May 30, 2010

Mount Lassen Awakens After 27,000 Years!

A volcanic peak in Northern California, Lassen Peak formed about 27,000 years ago, but for thousands of years it just sat there looking pretty as Maidu and other American Indian groups hunted and gathered in its shadow
, and as European Americans such as Peter Lassen and William Nobles led groups of settlers past as they traveled to the Sacramento Valley.

Some people visited the area and climbed the peak, but few people lived near there. (As it turns out, that was probably a lucky thing!)

On this day in 1914, a steam explosion shook the mountain. This announced to the world that Lassen was active again after all those thousands of years of being “dormant” (which basically means “sleeping”).

Humans could say, “Thanks for the warning!” Actually, the mountain gave a series of warnings—more than 180 steam explosions occurred over the course of a year. Finally, after all those warnings, in May of 1915 larger eruptions shook the area, with hot, glowing blocks of lava spewing out of the mountain, an avalanche of snow and volcanic rock roaring down one flank, and mudflows pouring down another. The “Great Explosion” of 1915 shot pumice and other rocks high into the air, and a cloud of ash and gas rose more than 30,000 feet up. People who lived 150 miles away could see the eruption!

And nobody died!

This huge rock flew through the air, landed with a mighty thunk, and stayed hot for months!

Steam explosions continued to occur for two more years, but then Mount Lassen began to settle down again. There are geothermal areas in the park – hot springs, mudpots, and steaming fumeroles – but there haven't been eruptions or explosions for many decades now. Scientists and governmental agencies continue to monitor the volcanic areas, and every year thousands of visitors safely visit the hot spots and climb the volcano.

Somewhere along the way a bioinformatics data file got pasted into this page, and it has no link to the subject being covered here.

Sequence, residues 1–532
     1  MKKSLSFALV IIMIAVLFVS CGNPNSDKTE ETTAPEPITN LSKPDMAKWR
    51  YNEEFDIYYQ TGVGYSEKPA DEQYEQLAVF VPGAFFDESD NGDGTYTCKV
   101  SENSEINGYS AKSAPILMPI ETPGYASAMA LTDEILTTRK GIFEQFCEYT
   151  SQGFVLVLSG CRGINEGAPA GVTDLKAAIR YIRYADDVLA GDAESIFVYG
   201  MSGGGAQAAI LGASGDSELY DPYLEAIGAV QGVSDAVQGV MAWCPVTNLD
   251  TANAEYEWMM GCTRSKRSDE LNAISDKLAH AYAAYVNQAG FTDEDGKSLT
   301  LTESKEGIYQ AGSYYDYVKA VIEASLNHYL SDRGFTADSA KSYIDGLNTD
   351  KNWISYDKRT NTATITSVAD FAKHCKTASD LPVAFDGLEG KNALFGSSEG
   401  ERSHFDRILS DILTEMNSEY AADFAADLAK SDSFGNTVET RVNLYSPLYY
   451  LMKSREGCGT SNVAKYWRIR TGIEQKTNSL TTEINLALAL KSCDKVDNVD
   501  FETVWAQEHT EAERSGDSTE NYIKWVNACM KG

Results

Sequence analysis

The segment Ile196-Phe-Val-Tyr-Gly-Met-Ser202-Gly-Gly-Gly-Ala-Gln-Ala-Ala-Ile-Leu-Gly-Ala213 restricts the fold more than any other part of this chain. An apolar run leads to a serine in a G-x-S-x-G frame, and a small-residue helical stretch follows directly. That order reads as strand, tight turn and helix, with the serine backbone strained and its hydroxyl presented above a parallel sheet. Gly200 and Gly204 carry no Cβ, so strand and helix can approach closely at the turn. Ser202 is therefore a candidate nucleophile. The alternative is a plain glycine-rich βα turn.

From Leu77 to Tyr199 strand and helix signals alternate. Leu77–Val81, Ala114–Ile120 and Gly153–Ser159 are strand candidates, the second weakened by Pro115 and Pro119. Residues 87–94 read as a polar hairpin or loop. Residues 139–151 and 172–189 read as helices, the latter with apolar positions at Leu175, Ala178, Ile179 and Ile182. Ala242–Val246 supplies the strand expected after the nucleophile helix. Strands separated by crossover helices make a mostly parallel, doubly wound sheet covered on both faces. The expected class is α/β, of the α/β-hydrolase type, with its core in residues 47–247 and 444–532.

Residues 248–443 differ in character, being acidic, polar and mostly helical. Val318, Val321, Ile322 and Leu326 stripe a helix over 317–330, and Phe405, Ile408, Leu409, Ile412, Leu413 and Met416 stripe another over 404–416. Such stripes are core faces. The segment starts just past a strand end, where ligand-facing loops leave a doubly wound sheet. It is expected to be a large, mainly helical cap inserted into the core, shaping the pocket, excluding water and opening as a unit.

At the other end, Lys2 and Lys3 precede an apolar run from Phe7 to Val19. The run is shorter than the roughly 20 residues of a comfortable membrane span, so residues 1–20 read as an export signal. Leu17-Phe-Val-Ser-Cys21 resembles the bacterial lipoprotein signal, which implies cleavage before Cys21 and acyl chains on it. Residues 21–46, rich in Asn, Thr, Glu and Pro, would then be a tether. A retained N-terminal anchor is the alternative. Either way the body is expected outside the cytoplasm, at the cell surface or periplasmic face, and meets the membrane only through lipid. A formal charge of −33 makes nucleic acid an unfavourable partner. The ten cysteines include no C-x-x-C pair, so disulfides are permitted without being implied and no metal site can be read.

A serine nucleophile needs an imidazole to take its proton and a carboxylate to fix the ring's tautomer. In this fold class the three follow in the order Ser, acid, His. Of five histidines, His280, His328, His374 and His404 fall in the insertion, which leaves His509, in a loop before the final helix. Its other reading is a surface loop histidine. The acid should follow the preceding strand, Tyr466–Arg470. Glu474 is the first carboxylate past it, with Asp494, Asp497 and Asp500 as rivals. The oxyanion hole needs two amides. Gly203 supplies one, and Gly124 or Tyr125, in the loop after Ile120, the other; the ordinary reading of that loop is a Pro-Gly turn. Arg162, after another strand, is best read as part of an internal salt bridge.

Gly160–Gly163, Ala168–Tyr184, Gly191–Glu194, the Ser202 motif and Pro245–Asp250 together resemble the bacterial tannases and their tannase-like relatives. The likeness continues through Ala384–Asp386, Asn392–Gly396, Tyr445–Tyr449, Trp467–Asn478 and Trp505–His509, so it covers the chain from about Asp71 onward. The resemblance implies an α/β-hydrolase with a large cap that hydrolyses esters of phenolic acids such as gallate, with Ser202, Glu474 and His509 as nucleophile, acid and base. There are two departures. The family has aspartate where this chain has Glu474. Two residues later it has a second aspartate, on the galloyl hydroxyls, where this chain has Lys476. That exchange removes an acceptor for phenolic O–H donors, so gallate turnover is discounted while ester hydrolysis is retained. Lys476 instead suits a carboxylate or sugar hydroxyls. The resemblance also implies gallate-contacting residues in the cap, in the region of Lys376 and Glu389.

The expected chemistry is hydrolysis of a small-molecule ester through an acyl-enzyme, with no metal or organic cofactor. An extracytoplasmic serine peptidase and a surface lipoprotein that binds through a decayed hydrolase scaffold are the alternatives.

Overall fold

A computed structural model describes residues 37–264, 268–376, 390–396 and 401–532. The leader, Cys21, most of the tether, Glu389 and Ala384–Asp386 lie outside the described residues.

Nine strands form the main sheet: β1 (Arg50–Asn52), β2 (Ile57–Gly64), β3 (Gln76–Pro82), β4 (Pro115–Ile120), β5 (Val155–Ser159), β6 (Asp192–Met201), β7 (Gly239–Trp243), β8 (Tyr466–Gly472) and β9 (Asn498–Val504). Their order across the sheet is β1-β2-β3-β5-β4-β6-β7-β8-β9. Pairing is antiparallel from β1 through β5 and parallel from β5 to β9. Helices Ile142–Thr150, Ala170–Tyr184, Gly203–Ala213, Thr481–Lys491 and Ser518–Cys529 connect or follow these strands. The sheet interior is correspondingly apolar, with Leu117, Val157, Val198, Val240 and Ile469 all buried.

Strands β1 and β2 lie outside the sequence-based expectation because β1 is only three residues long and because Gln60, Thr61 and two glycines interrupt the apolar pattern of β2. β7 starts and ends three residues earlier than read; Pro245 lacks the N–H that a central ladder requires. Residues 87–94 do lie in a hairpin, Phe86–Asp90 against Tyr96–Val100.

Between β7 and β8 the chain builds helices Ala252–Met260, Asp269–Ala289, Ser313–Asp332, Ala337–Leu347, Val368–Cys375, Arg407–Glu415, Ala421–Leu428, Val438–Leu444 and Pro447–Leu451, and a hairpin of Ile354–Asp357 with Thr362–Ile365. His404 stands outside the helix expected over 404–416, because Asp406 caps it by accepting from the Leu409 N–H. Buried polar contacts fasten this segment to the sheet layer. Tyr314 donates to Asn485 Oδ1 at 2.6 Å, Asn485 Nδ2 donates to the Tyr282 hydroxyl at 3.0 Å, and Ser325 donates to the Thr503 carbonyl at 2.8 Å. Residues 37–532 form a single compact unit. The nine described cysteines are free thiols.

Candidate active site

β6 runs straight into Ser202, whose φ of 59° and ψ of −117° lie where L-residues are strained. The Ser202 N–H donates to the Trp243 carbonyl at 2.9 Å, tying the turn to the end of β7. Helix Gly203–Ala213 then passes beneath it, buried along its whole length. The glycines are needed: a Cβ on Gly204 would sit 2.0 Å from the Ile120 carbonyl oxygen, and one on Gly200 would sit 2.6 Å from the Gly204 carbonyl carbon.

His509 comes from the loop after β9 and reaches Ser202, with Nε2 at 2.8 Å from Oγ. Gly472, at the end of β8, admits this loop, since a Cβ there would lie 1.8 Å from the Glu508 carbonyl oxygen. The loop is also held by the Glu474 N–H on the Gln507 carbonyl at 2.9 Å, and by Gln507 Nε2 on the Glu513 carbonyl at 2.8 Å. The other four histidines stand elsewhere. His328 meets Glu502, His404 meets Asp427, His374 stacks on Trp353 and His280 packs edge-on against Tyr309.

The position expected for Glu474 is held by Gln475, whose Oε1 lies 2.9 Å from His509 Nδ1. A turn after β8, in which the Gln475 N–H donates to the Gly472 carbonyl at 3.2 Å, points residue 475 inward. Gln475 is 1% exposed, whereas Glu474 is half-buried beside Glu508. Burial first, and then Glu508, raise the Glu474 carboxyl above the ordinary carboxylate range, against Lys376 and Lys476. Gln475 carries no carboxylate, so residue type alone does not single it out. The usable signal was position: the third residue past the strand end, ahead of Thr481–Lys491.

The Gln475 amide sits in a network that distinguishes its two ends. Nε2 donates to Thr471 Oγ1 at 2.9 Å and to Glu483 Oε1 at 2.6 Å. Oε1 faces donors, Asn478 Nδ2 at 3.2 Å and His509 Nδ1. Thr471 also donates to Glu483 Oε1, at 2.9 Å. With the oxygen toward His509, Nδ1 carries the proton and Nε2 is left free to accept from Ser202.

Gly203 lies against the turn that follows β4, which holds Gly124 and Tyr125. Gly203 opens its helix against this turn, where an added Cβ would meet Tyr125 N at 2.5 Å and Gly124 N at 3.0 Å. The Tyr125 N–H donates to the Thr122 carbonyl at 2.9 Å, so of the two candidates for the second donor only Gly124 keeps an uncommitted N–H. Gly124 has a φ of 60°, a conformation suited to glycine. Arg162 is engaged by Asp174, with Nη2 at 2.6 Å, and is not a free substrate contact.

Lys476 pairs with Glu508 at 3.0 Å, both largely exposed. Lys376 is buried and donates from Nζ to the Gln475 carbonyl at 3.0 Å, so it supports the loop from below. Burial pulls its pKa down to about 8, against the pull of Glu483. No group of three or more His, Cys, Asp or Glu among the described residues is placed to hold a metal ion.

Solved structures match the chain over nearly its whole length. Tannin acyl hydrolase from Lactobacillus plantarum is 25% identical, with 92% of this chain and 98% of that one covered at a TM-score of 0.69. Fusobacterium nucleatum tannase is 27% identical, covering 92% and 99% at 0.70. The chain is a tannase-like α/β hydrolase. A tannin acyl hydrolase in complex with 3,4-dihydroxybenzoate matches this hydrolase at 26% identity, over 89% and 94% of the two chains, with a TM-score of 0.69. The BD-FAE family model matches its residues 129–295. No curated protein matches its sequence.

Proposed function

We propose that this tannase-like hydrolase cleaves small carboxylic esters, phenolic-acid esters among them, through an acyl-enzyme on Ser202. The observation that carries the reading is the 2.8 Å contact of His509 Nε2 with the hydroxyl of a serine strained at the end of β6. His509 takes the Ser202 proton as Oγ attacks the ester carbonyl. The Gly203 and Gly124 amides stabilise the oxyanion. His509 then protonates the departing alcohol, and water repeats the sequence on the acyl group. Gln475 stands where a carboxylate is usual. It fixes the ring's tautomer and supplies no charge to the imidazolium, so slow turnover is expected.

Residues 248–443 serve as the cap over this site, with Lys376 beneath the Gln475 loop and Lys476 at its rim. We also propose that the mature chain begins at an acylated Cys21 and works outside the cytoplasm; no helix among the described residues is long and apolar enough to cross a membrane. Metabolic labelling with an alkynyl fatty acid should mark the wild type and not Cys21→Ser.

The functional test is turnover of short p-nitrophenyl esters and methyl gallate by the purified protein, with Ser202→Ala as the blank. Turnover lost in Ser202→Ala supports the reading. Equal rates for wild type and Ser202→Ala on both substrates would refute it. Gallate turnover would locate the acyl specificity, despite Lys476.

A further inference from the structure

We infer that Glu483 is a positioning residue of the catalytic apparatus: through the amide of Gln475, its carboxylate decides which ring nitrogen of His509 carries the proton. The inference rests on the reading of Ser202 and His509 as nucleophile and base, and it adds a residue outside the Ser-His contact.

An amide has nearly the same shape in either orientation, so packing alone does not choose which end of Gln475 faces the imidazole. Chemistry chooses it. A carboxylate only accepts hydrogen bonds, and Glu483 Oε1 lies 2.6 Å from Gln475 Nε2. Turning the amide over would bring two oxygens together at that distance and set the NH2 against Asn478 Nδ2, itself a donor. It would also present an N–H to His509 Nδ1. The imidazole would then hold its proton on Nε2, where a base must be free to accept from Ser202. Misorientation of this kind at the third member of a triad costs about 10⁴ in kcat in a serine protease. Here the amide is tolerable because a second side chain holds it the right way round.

One active area near Lassen Peak is
called Bumpass Hell.

What causes volcanoes?

Volcanoes are openings in the Earth's crust that allows molten rock, ash, and gases to escape from underneath.

There are two main reasons for volcanoes: the actions of tectonic plates, and “hot spots” caused by mantle plumes.

The rocky crust of the Earth is not one whole sphere of rock, but is instead eight giant plates and many smaller plates of rock. These plates move about on the hotter upper mantle, sometimes spreading apart and letting molten rock come up through the resulting crack, sometimes running into each other and pushing up mountains, and sometimes with one plate pushing down underneath another. The areas where plates pull apart or run into each other are often edged with volcanoes and feature earthquakes.

Hot spots are quite different. They are probably caused by mantle plumes, areas in which hotter columns of molten rock rise through the mantle and cause volcanic eruptions in the crust. They can be far from the edge of the tectonic plates, but as a plate slowly glides over a hot spot, a chain of volcanic islands can form. The Hawaiian Islands are a famous example of a chain of “hot spot” volcanic islands.

Mount Lassen is an example of a tectonic-plate volcano, and along with other nearby volcanic mountains, it makes up the Cascade Range. Mount St. Helens in Washington, which exploded in a deadly and economically destructive eruption in 1980; Crater Lake in Oregon, which is the remnant of Mount Mazama; and Mount Shasta in Northern California are other volcanoes in the Cascades.

Explore Volcanoes (Virtually Speaking!)

  • Kids' National Geographic has a “Quiz Your Noodle” about volcanoes. After taking the quiz, you can enjoy a video about volcanic eruptions and other “hot” stuff. Warning: the link to volcano photos seems to be broken.
  • There are volcanoes elsewhere in the universe, other than Earth! The largest volcano that we know of is on the planet Mars. Here is a website that explains why some volcanoes on Mars are bigger than any we have on Earth. (There is also a map of one region of Mars printed onto an outline map of the U.S., so you can see the size of those huge Martian volcanoes....Um...would you believe as large as the entire state of Washington, plus half of Oregon???)

Here are some new hi-res photos of the volcano—so up-close, it's hard to tell that it is a volcano!

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